How odd is this draft?
At the NFL Scouting Combine in Indianapolis, athletic freak Jadeveon Clowney towered above the podium. He’s 6-foot-6 and 266 pounds, with dreadlocks resting on his shoulders.
As part of an answer to the third question he’s asked, Clowney said, “I believe I did work hard.”
The likely top pick in this week’s three-day extravaganza, also known as the NFL Draft, had to explain he cares at the biggest showcase for prospects.
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Clowney isn’t the only one making teams think and rethink draft
preferences for the seven rounds that will take place from May 8-10. Texas A&M quarterback Johnny Manziel is too short, too crazed, too imperfect to be the top quarterback. Buffalo linebacker Khalil Mack has emerged as a challenger to Clowney’s top-pick status, but he played in Buffalo. It’s certainly not the SEC.
What about those other quarterbacks? Blake Bortles from Central Florida? Teddy Bridgewater from Louisville? Even Derek Carr from Fresno State? Wart-splotched all, none with the pedigree of Andrew Luck or Peyton Manning before them. That’s why predictions for their draft spots fluctuate so much. Bridgewater’s stock has gone through its own Black Monday. At one time, he was anticipated as the top pick. Now, the prognosticators say he may not even be called in the first round.
The Seattle Seahawks have six picks. As Super Bowl champions, they are forced sit on their hands for much of the draft, awaiting the final slot in each round before being able to pick. General manager John Schneider said last week he felt behind in his draft preparation because the season went all the way into February. A twist of the NFL calendar pushed this year’s draft back two weeks, allowing Schneider to catch up.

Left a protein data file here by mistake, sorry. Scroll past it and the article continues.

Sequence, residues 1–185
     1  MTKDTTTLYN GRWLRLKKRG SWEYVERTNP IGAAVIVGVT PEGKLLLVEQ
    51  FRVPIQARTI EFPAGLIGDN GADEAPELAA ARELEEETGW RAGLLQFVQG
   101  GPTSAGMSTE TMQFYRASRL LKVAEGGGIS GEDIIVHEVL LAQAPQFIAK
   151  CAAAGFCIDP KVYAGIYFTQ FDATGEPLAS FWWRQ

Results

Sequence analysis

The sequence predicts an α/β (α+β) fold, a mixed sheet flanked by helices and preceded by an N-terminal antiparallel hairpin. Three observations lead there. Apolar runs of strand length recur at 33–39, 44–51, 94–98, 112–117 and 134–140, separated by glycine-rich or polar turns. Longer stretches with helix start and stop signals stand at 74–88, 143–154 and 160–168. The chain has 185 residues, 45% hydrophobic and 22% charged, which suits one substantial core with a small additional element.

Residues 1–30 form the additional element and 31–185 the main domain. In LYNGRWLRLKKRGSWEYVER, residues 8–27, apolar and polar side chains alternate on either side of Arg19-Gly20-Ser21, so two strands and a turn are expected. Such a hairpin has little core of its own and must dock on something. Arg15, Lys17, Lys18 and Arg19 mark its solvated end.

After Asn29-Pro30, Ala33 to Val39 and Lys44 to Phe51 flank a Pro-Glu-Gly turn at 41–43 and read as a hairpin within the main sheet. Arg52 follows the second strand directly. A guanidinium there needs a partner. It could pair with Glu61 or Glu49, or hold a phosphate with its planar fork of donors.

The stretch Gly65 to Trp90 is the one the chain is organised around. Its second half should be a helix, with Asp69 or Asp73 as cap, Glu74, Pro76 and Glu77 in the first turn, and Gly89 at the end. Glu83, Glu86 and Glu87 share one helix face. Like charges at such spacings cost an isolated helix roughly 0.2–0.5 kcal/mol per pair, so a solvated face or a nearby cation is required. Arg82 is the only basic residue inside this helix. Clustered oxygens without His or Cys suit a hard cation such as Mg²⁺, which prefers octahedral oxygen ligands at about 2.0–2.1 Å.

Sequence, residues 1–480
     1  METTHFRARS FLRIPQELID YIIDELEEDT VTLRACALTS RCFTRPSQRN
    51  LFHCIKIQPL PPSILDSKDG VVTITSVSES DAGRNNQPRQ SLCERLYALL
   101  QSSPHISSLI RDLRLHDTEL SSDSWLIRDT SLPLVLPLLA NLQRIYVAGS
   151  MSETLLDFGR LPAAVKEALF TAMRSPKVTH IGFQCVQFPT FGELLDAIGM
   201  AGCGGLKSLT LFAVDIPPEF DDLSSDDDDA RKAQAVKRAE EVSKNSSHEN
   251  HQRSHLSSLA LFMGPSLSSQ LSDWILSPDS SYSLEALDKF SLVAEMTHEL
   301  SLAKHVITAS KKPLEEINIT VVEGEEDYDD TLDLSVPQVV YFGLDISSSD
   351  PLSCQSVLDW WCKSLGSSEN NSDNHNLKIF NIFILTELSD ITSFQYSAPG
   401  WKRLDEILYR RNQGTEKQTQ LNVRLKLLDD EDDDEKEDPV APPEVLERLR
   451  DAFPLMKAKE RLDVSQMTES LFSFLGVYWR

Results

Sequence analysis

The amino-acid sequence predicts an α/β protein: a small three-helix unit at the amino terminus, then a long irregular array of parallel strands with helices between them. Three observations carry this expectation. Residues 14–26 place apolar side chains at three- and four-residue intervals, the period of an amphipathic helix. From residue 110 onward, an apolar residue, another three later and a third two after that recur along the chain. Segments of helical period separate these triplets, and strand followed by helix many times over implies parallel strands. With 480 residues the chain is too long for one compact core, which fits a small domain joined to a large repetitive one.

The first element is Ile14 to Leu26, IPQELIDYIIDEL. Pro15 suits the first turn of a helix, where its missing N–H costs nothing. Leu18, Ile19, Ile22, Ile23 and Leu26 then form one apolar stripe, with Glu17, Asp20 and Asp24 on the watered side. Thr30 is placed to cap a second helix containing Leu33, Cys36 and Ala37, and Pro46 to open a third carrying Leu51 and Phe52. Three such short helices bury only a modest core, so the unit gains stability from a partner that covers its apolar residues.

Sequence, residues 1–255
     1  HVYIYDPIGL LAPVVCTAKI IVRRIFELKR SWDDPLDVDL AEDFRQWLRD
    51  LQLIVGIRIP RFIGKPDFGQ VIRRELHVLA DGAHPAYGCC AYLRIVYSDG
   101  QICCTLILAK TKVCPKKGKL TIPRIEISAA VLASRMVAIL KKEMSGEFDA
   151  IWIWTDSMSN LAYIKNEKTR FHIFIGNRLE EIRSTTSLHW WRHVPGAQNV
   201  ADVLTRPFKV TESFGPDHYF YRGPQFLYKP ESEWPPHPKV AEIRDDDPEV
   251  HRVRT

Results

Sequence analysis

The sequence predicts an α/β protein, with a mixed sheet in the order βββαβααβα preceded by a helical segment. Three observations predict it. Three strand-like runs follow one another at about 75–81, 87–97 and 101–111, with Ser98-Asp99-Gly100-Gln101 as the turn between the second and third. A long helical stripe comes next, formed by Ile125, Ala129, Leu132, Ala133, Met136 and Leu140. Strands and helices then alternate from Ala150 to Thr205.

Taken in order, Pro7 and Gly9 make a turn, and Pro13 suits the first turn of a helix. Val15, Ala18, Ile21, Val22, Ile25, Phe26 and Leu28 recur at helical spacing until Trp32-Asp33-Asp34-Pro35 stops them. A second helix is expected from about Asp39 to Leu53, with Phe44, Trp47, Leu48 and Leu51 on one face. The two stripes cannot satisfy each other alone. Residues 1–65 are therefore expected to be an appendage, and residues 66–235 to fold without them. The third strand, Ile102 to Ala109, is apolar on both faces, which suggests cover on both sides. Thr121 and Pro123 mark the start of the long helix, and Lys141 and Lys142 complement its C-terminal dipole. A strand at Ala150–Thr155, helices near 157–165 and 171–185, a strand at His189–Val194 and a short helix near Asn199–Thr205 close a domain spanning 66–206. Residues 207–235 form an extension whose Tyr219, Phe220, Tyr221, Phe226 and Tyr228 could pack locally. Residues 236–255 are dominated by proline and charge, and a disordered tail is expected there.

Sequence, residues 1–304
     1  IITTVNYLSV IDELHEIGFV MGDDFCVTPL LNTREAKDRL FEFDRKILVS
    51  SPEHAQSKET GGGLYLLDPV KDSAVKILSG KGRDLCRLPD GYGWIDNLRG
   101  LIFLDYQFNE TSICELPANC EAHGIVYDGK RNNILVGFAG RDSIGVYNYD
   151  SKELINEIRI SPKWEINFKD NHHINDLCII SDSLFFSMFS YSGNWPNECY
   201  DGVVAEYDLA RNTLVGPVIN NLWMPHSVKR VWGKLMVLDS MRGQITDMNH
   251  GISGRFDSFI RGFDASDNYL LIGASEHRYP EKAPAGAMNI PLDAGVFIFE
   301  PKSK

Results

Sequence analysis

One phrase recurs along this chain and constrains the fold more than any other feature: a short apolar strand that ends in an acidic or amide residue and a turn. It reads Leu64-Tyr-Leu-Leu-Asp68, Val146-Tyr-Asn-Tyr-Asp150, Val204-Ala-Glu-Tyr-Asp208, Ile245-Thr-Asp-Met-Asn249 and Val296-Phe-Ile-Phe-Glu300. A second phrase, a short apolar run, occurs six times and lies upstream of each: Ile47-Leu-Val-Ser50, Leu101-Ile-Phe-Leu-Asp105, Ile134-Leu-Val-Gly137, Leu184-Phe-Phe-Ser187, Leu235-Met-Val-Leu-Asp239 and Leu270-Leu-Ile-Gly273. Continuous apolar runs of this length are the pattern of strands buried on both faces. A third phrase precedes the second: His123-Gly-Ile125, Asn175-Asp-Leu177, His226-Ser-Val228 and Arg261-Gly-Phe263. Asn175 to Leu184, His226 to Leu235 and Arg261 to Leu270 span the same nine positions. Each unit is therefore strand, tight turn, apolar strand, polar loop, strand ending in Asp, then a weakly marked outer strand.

“I’d rather do it this way,” Schneider joked of his Super Bowl-induced delay.
The other 31 general managers in the league would prefer to be in Schneider’s situation, too. Not just Super Bowl winners, but a front office adept enough to hit late-round picks. Since Schneider took over in 2010, the Seahawks hit the jackpot with two first-round selections: free safety Earl Thomas and left tackle Russell Okung. Seattle’s other stars — Richard Sherman (fifth round), Russell Wilson (third round), Kam Chancellor (fifth round) — have been second- or third-day grabs.
The 2014 draft is filled with two things: wide receivers and underclassmen. A record 98 players were granted early entry to this year’s draft after meeting the league’s three-year eligibility rule. That’s up from 25 last season and likely a trend that will continue to expand.
Of those 98, 18 are wide receivers, including much of the top pass-catching talent in the draft: Clemson’s Sammy Watkins, Texas A&M’s Mike Evans, Oregon State’s Brandin Cooks and Florida State’s Kelvin Benjamin, all expected to be selected in the first round. The trick with underclassmen is they are typically under-scouted.
“There’s a lot of work to be done on the junior receivers,” Baltimore general manager Ozzie Newsome said.
Then, there’s Michael Sam. Remember him? The discussion around the fact Sam could become the first openly gay player in the NFL has the feeling of a meteor. He was a national topic for a few weeks before not being heard from following the NFL Combine in late February. Even then, Sam was rejoicing in football-related questions as opposed to ones about the impact his sexuality could have on the league.
“I wish you guys would just say, ‘Michael Sam, how’s football going? How’s training going?’” Sam said at the combine. “I would love for you to ask me that question. But it is what it is. And I just wish you guys would just see me as Michael Sam the football player instead of Michael Sam the gay football player.”
If Sam is drafted, it would likely be on the third day of the draft, rounds four-seven. In the future, that pick could come on the fourth day. League commissioner Roger Goodell is considering expanding the draft to four days, which would provide an extra 24 hours to keep the questions coming.